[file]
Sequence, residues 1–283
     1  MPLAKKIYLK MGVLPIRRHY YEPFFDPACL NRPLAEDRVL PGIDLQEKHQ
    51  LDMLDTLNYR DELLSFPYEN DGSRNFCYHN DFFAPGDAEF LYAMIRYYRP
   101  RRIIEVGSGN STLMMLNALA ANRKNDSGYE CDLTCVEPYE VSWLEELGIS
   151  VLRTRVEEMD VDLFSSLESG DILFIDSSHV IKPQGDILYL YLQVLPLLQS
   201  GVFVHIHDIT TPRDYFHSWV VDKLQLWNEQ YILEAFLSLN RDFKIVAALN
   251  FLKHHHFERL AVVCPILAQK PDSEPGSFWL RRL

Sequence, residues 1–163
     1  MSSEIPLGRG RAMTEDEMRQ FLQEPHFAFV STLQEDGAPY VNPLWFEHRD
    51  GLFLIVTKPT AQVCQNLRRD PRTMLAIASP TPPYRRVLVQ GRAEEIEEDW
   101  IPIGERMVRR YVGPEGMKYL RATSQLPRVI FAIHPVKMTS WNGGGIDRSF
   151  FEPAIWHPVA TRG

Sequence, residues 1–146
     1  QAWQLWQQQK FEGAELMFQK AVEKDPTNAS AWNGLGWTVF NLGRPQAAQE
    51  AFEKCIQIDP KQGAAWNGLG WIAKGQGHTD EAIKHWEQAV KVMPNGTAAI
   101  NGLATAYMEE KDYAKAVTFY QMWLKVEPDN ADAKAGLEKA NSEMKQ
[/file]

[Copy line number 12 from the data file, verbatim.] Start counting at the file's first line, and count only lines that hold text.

   151  FEPAIWHPVA TRG